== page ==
Australia among moon accord signatories

NASA Logo

The Artemis Accords proposed by the National Aeronautics and Space Administration seeks to establish a set of principles for space exploration including lunar resource extraction.

UK Space Agency chief executive Graham Turnock was tasked with signing the Artemis Accords during a virtual ceremony that took place during the Astronautical Congress.

Any countries that violate the accords will be asked to depart from the program.

Other principles include affirming that they will render assistance to each other in case of emergency, make their scientific data public, preserve the heritage of outer space and plan for the safe disposal of space debris.

Among the countries that signed the agreement outside the United States are Australia, Canada, Japan, Luxembourg, Italy, the United Kingdom and the United Arab Emirates.

The U.S. has been the only country to send astronauts to the moon, but nobody has stepped foot on the celestial body since 1972.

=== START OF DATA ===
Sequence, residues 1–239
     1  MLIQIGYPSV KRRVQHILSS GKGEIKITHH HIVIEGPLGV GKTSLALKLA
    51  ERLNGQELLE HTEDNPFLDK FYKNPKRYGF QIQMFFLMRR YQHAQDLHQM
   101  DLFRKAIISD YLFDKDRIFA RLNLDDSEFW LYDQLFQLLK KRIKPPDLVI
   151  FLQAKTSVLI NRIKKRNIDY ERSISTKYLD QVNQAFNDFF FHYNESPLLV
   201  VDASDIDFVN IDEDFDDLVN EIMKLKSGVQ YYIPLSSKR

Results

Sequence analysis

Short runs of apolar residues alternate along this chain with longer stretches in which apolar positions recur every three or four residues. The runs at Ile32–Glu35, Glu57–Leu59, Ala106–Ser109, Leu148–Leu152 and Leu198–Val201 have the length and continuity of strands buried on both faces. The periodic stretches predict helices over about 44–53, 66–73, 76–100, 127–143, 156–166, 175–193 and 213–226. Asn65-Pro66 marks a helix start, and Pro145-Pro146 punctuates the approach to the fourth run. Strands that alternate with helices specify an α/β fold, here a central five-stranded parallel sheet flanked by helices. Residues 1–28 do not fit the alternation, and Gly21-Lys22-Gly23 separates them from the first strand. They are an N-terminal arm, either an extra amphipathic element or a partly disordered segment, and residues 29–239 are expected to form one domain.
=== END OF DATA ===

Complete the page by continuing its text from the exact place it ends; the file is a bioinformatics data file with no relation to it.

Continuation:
The country's role as a NASA partner has been evident for decades, Bridenstine said, most notably when the Maple Leaf-emblazoned Canadarm was a fixture of Space Shuttle missions throughout the 1980s and 1990s.

The new accords, according to a NASA release, "establish a practical set of principles to guide space exploration cooperation among nations participating in the agency's 21st century lunar exploration plans".

While NASA is leading the Artemis program, it has emphasized the need for global partnerships in building up a sustainable presence on the Moon, something the agency views as key ahead of an eventual human mission to Mars.

"The Artemis journey is to the Moon, but the destination of the Accords is a peaceful and prosperous future".

He added that with the signing of the accord, it will enable "to explore the Moon and are establishing vital principles that will create a safe, peaceful, and prosperous future in space for all of humanity to enjoy".

The UK will be responsible for developing the service module and habitation module of the Lunar Gateway, a new space station orbiting the moon.

"Transparency, public registration, deconflicting operations - these are the principles that will preserve peace", Mike Gold, NASA acting associate administrator for worldwide and interagency relations, said in a statement.

China, meanwhile, is out altogether.

Related:

Comments


Other news